Creativity and the Future of Work

14 Nov 2019

Creativity and the Future of Work

Arts & Business NI recently hosted a business breakfast in Golden Thread Gallery which explored the importance of creativity in relation to the Future of Work.

The thought leadership event, kindly supported by A&BNI business member Ulster University Business School, provided insight into the key role of creativity and creative thinking in the context of the 4th Industrial Revolution.


Mary Nagele, CEO at Arts & Business NI outlined how A&BNI is enabling creative collaboration between the Arts sector and business in Northern Ireland:

“Working with our business members, we are finding that Millennials and Generation Z are driven primarily by a healthy work/life balance- they want more than the 9-5 experience. We help our members to address this by scheduling creative training in the workplace, enabling their people to feel valued, develop social/emotional skills, build teams, nurture innovative thinking and have fun.”

Eoin McFadden, Innovation and Specialisation Branch,

Department for the Economy gave the view of creativity from the government and economy perspective:

“Innovation is a contact sport- it flourishes at the intersections of concepts and ideas. New experiences and encounters with ideas themselves can create new ideas in turn.

Creativity is not just about money- it’s about much more. We are not machines- we need arts, music, theatre and storytelling as key elements of a rich cultural life and society.“

Our keynote speaker, Professor Gillian Armstrong,Director of Business Engagement at Ulster University, shared how, in an age of disruption, U.U. are providing entrepreneurial leadership by creative collaborations.

“As a leading provider of entrepreneurial education, research and impact, the Ulster University Business School is shaping future growth and learning through innovative, new educational models.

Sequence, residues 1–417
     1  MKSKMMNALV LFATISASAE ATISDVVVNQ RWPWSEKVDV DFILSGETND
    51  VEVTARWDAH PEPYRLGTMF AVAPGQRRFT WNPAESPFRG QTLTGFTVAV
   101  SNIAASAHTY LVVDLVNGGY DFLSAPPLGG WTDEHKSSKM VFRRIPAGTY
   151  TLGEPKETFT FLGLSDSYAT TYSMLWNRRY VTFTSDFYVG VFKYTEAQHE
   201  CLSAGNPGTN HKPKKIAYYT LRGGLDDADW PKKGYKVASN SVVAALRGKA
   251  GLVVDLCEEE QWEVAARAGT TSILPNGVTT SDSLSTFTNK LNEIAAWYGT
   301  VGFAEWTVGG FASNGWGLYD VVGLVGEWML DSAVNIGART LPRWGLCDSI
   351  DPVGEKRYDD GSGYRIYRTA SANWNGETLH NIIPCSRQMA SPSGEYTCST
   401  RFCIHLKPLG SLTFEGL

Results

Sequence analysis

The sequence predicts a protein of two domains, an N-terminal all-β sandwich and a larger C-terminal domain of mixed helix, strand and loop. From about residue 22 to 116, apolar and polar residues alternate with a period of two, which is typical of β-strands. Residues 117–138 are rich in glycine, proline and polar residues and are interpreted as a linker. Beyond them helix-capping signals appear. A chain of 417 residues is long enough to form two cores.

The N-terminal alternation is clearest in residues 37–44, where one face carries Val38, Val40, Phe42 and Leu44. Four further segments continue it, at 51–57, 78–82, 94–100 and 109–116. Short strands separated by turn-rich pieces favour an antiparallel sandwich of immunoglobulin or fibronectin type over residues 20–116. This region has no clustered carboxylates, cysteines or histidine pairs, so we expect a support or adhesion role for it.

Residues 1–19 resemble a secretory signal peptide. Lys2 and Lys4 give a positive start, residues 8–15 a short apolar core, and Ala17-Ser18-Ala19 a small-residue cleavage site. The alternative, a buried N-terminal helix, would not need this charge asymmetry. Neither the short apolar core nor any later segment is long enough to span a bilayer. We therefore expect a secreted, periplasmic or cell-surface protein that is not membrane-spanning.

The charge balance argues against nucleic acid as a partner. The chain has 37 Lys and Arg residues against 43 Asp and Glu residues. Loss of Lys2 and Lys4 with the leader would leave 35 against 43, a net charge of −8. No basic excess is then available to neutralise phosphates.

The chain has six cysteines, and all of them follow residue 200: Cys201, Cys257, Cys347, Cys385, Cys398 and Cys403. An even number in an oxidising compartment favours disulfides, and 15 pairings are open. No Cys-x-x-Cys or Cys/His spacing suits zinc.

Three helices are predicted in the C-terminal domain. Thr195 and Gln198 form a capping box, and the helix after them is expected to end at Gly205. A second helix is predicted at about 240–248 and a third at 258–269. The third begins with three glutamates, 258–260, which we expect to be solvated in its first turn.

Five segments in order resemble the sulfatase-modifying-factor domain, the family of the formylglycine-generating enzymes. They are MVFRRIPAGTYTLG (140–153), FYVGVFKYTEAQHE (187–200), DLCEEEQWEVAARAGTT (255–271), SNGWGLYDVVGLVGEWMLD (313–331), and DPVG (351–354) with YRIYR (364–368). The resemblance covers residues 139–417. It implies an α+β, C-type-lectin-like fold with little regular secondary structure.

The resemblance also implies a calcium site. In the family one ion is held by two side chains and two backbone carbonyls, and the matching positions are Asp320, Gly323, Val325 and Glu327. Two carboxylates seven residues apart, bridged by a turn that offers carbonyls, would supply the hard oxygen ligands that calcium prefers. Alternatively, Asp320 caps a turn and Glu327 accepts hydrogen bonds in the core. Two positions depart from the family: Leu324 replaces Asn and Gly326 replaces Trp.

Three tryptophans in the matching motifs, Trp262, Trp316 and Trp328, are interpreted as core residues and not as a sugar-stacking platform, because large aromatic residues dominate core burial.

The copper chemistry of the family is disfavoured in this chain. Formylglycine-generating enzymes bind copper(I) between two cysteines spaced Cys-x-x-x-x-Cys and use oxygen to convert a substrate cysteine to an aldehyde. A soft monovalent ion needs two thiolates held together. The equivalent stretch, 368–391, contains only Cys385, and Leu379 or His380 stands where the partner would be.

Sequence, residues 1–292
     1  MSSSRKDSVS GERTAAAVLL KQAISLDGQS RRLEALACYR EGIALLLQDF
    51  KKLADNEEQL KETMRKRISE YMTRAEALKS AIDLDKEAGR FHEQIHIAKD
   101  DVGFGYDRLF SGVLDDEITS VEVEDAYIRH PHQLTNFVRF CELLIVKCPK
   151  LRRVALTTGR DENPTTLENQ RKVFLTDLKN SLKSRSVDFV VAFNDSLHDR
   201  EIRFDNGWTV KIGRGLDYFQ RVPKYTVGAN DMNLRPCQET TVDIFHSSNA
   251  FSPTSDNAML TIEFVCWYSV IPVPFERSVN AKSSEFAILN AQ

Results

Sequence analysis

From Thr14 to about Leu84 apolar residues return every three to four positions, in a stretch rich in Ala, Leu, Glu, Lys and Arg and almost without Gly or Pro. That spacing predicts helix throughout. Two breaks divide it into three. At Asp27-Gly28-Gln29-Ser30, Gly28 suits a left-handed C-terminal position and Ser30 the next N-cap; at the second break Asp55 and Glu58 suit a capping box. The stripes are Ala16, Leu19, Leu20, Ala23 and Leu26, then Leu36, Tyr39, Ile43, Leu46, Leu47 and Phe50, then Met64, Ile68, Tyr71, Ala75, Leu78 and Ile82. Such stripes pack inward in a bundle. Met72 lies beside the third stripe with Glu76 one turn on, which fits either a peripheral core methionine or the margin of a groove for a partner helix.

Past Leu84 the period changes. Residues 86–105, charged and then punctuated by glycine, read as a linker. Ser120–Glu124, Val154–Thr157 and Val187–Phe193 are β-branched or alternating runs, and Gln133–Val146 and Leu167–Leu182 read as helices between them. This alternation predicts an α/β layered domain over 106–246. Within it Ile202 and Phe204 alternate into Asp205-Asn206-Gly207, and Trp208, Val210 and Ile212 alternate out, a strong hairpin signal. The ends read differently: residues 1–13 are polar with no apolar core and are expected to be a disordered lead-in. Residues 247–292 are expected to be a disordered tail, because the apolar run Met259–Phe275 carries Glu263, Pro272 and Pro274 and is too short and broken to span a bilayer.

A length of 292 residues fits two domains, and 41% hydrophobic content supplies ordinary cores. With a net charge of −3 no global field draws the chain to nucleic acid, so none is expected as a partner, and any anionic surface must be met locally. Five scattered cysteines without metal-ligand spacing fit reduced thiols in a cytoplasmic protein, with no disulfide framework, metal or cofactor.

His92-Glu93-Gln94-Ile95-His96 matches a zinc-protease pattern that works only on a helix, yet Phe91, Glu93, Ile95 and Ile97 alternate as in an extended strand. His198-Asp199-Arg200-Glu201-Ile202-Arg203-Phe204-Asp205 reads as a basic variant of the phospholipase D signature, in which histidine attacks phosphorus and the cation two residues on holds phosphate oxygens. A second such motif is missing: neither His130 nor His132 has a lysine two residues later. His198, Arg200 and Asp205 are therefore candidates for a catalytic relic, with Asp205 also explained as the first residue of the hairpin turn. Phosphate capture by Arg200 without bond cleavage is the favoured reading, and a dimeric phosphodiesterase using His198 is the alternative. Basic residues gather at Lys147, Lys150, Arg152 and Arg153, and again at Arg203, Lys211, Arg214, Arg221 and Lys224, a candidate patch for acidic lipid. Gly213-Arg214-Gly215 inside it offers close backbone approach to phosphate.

Through a culture of creative collaboration with business, professional bodies and international University Institutions, the requirements for an increased focus on future skills and offerings for lifelong learning are developing quickly. Through a design thinking and “disruptive” approach to curriculum development and a focus on 21st century skills including creativity and problem solving, we are providing learning pathways for students and organisations for their collective work futures. As part of this dynamic approach to business education, the role of the Arts in supporting creativity and the future of work could well be critical.”


A&BNI business member Morrow Communications described their collaboration with arts member Bounce Culture to deliver a high energy strategy away day, facilitating creative learning and team building.

Sarah Stitt commented:

“Amongst our people, creativity isn’t in short supply, but a culture of creativity and innovation needs to be nurtured. With a full studio set up, we mixed sounds, interviewed each other and DJed, culminating in a 15-minute podcast which gave insight into our people, how they feel about our company, their role, how we work together and where we’re headed.

The process encouraged us to speak candidly, to engage our inner artist and, without realising it, to fine-tune our leadership, presentation and teamwork skills. Importantly, we had fun and took pride in the collective end result. It got us thinking in a different way.

The arts have a way of opening people up in a way they don’t expect, encouraging fresh perspective, risk-taking and problem solving. For that reason, regardless of size or sector, creative training is a valuable development tool and Arts & Business NI can provide the right match for any business wishing to give it a try.”


A&BNI business member, Baker Tilly Mooney Moore, outlined how they addressed the challenge of attraction and retention of talent by engaging graduates to script and deliver a podcast with Bounce Culture.

“As an accountancy and advisory firm, we’re operating in a very competitive market. Graduates want to know what it’s like to work in different places and choosing which firm to apply to is a big decision. Hearing first-hand from our graduates through the podcasts has been really powerful. We have seen an increase in application requests for our Graduate Training Programme and a greater awareness and understanding of the firm.”

John O’Rourke, Consulting Partner Baker Tilly Mooney Moore.


If you would like to find out more about introducing creativity in to your workplace, please speak to Maeve McKervey on 028 90735151 or email

Pictured left to right: Maeve McKervey, Arts & Business NI; John O’Rourke, Baker Tilly Mooney Moore; Eoin McFadden, Department for the Economy; Professor Gillian Armstrong, Ulster University Business School; Sarah Stitt, Morrow Communications; Mary Nagele, Arts & Business NI.

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Arts & Business is generously supported by The Arts Council of Northern Ireland.